There are some moments this year — and last — where Elijah, despite being self-involved in his own ways, acts as a kind of reality check on the girls.

Well, it’s funny because I wasn’t in a ton of the first season, but the thing that a lot of people would say to me is, “I am so glad you smacked that girl [Marnie]. All they do is talk about themselves, and it was so great that you just hit her.”

That is really weird thing for people to say!

I know. And I was terrified about doing it. I remember talking to Jenni and Lena about it and being like “I don’t know if I can really hit her, I don’t know.” I think the compromise was to hit her like this [gesturing as though pushing a face] instead of like this [slapping from the side] because it seemed less aggressive, but I was still really nervous that I was going to be spat upon in the subway. And then people were like, “Awesome, you smacked that girl.” I don’t know what that says about New York subway culture.

What’s interesting is that it means that people who thought Marnie deserved to get slapped were also watching the show.

I know. It was always funny to me that I would go to some place, it could be an office building or something, and the security guard would be like “You on 'Girls'?” The demographic that was watching was much broader than I would have expected. It wasn’t just folks in their twenties watching. It was a lot of people.

I've read that most of the people who watch “Girls” are middle-aged men.

I know. I know people who are in that demographic who watch the show. I think it’s just a voyeuristic idea of what the real New York is. There is a lot of international press here today, and I have not spoken to any of them yet, but I am curious to see how the show translates. I know things like “Sex and the City” were really popular abroad, but I know that was not my New York. I moved to New York in the late '90s, and I was not at fucking Indochine hanging out. I am from Nebraska, and people would come visit me and be like “Where is that place they go on 'Sex and the City'” and I would be like “I don’t know where the fuck that is. I am hanging out in the Lower East Side, they don’t shoot down here. I don’t know where those bars are that they go to.” “Girls” feels more like my New York, like a real version of New York.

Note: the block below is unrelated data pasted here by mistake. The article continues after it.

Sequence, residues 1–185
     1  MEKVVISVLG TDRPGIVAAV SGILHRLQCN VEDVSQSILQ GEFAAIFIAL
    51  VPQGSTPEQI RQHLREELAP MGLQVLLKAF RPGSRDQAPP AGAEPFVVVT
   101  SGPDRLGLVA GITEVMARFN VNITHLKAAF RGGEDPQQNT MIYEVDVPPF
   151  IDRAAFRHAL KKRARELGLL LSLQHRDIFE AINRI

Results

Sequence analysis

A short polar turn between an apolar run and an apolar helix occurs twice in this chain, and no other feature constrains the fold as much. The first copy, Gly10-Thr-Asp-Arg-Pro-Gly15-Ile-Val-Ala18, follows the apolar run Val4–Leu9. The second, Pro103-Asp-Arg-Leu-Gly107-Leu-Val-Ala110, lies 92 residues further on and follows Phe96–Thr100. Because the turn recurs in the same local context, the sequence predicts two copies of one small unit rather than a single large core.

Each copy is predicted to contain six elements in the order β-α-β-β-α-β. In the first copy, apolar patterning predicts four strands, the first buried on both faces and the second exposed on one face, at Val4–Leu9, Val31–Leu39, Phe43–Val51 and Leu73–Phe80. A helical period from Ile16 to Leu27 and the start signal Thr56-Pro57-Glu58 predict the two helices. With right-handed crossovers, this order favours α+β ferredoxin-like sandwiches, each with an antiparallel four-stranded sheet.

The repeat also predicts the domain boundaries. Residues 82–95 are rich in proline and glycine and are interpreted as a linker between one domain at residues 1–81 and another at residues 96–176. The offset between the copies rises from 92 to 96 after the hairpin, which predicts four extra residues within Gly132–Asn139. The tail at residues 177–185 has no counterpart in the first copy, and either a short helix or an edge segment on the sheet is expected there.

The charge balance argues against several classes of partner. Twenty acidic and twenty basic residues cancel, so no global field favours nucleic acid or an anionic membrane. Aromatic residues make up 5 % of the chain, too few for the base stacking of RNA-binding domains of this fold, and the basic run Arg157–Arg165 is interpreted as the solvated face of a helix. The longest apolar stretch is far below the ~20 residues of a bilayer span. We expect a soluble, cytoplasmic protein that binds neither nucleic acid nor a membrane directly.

It feels the same as when you were starting in New York?

Absolutely. It wasn’t Williamsburg at that time, although I did have some friends who moved out there, but very much so. What’s so amazing about Lena is that what she captures is the flail-iness of that time, where you are just fucking up left and right, but in a decisive way.

This season begins and Elijah is sort of a kept man. What do you think about his situation?